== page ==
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Articles by P. Duraimurugan
Total Records ( 6 ) for P. Duraimurugan
  P. Duraimurugan and A. Regupathy
  Insecticide resistance in Helicoverpa armigera (Hubner) is a major threat to cotton production in India. The virus infection was found to increase the susceptibility of H. armigera to the insecticides. But, use of Nuclear Polyhedrosis Virus (NPV) on larger scale and on cotton due to leaf alkalinity possess certain practical problems. Hence, studies were carried out to assess the effects of push-pull strategy with trap crops, neem and NPV in cotton for the management of insecticide resistant H. armigera. Field experiments were conducted on cotton (MCU5) with trap crops (okra and pigeonpea) and neem was used to diversify the pests to trap crops where by the control of these pest was assessed with the application of NPV. The preference of H. armigera was towards okra and pigeonpea as a trap crop compared to cotton. Application of NSKE on cotton diversified the H. armigera towards untreated okra and pigeonpea. Push-pull strategy with conjunctive use of trap crops, restricted application of NSKE on cotton leaving trap crops and restricted application of NPV on trap crops was highly effective in reducing the incidence of H. armigera and damage to fruiting bodies, boll, locule and inter locule basis over cotton sole crop (untreated check). The percent recovery of NPV infected larvae varied from 37.5-47.5, 32.8-39.2 and 14.2-20.2% on okra, pigeonpea and cotton respectively. The synthetic pyrethroids resistance in field survived H. armigera at the end of the season was reduced from 87.5-93.1% to 76.4-84.3%.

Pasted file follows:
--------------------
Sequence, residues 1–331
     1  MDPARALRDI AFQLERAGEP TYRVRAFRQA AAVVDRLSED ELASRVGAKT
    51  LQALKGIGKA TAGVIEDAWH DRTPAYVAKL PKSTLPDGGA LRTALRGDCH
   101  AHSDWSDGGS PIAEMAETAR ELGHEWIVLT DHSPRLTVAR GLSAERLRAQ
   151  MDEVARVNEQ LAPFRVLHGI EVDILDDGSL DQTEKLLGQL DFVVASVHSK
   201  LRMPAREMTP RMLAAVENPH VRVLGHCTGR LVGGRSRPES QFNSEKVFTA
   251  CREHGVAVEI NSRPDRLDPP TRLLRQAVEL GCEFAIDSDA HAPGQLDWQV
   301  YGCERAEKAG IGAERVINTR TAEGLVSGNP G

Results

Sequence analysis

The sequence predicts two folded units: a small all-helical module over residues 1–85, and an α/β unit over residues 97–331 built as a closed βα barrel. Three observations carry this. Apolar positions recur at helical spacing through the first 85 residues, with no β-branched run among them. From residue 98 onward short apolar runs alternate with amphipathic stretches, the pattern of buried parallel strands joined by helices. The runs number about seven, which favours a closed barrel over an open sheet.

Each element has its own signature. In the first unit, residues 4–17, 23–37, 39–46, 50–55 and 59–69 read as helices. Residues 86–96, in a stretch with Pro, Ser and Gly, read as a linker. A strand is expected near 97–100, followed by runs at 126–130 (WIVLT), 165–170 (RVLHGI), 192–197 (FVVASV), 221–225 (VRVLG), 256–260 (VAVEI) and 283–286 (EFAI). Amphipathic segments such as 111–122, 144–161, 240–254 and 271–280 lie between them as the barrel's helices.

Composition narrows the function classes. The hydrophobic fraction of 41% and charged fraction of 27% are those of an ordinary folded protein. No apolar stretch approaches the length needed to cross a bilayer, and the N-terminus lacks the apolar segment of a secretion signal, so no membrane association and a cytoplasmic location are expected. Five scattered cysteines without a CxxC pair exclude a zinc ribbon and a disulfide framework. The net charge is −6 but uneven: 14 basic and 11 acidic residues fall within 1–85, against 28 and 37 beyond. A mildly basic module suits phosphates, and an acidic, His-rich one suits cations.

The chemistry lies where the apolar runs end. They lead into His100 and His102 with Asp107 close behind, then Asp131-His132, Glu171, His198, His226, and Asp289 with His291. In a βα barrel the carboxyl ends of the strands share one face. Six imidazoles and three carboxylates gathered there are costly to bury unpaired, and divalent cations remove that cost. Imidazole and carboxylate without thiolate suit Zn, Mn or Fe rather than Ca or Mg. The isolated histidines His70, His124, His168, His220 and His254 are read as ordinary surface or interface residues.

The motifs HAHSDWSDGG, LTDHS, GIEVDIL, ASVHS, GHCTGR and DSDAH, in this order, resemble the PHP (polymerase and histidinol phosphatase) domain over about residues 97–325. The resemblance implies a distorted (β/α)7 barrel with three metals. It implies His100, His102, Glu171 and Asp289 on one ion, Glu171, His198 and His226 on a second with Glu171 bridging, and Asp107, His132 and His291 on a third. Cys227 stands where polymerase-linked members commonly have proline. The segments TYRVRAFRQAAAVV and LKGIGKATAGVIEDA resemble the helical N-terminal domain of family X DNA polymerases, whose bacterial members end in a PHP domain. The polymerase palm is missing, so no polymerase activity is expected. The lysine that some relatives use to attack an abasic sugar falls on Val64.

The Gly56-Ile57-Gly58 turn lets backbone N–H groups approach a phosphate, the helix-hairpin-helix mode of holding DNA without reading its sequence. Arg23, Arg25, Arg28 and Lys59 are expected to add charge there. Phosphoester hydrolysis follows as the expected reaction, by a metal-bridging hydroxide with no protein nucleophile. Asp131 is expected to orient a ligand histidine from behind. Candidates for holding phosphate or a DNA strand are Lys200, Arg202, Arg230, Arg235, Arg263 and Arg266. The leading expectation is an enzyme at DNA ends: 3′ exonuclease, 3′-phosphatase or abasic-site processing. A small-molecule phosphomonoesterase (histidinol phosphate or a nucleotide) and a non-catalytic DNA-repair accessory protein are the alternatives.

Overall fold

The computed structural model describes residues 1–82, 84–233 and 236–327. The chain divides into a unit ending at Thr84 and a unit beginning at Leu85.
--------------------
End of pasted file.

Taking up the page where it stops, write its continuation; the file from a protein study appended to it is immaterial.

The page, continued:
P. Duraimurugan and A. Regupathy
  Resistance to synthetic pyrethroids was diagnosed in the field population of American bollworm, Helicoverpa armigera (Hubner) from Coimbatore, Tamil Nadu, South India during 2003-2004 cropping seasons. A Discriminating Dose (DD) bioassay technique was used to monitor fortnightly changes in resistance at Coimbatore where number of crops served as host plants for this pest. The resistance level of various synthetic pyrethroids to DDs varied from 80.0 to 96.4%. The extent of resistance in terms of percent survival was 88.1-96.4, 87.2-94.3, 87.0-94.0, 84.3-94.2 and 80.0-91.8% for cypermethrin, fenvalerate, deltamethrin, lambda-cyhalothrin and beta-cyfluthrin, respectively.
  P. Duraimurugan and A. Regupathy
  In the present study, the talc-based formulation of Pseudomonas fluorescens strain (Pf1) was tested against H. armigera in cotton, okra and pigeonpea. The susceptibility of H. armigera fed on P. fluorescens treated and untreated plants was bioassayed against cypermethrin on cotton bolls, okra fruits and pigeonpea pods. The susceptibility of third instar larvae of H. armigera to cypermethrin, fed on P. fluorescens treated plants did not differ significantly with the untreated plants. However, there was variation in the protein banding pattern among the P. fluorescens treated and untreated plants with or without infestation of H. armigera. Protein bands of molecular weight 83 and 40 kDa in cotton, 130 and 52 kDa in okra were observed in the Pseudomonas treated plants with infestation of H. armigera.
  P. Duraimurugan and A. Regupathy